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Re: [PATCH] libdw: Add dwarf_peel_type. Use it in dwarf_aggregate_size.

On 10/10/2014 11:42 AM, Roland McGrath wrote:
> The description in your prologue and the libdw.h comment do not match what
> the code actually does.  You describe it as going until it hits one of the
> known categories of actual type.  But what it actually does is go only as
> long as it is seeing one of the known categories of wrapper type.  I'm not
> really sure which it should do (or if it should instead do something
> different from either), but the description should match the behavior.
> As described, it would fall down if a new tag were introduced for a new
> category of actual type.  As implemented, it would fall down if a new tag
> were introduced for a new category of wrapper type.

I think peeling through something unrecognized is worse than stopping,
so I'd update the description to match the current code.

FWIW, DWARF4 Figure 15 (under section 5.2) lists type modifier tags.  Of
those those we should peel through const, restrict, and volatile, and
stop at pointer, ref, and rvalue_ref.  I'm not sure about packed or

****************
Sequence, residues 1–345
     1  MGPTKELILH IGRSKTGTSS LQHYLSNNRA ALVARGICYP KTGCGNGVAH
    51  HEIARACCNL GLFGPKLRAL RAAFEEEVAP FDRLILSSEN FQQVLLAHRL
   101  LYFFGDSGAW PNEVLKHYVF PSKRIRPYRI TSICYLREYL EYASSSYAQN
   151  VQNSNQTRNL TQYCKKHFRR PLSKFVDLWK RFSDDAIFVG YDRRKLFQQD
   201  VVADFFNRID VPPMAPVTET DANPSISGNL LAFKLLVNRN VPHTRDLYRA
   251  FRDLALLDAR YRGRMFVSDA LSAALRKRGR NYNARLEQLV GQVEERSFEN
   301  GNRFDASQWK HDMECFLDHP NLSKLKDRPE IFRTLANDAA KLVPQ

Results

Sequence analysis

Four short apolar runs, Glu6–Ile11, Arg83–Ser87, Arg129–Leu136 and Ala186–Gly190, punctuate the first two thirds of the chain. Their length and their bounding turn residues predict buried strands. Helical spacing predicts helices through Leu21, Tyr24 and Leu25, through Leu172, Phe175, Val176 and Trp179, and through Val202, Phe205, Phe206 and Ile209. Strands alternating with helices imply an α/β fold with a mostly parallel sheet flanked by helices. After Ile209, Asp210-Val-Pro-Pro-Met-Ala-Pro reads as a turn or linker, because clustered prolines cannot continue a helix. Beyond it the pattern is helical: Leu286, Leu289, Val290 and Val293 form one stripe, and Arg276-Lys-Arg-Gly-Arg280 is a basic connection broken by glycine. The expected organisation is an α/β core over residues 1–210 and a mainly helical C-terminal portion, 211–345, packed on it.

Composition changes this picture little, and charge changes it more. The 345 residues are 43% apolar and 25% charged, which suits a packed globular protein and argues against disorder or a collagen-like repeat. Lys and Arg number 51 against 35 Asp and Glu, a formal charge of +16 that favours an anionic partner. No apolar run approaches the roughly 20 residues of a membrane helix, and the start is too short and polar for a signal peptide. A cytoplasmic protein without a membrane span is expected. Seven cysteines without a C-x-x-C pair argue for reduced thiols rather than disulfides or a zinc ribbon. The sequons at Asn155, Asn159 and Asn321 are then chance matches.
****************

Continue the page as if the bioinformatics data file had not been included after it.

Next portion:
shared though.  It's odd to me that typedef didn't make this list, but
it should be peeled too.

> A third potential approach would be to attempt future-proofing for those
> cases.  That is, just keep going as long as there is a DW_AT_type
> attribute.  But that would need a special case for DW_TAG_pointer_type and
> DW_TAG_reference_type, where you want to stop even though it has a
> DW_AT_type referring to another type.  I can't think of any other cases
> where an "actual" type has a DW_AT_type, but there might well be some.  If
> any new tag were like DW_TAG_pointer_type rather than like
> DW_TAG_const_type et al, then this approach would fall down there.

Going through DWARF4 appendix A for those DW_TAG_*_type which suggest
DW_AT_type, I'd also exclude these from peeling:


> So firstly we need to decide which kinds of future addition we expect and
> thus how to handle the future-proofing.  Then we need to have descriptions
> and implementation that match.

IMO, a blacklist of what not to peel is more dangerous to the future
than a whitelist of what we know can be peeled.

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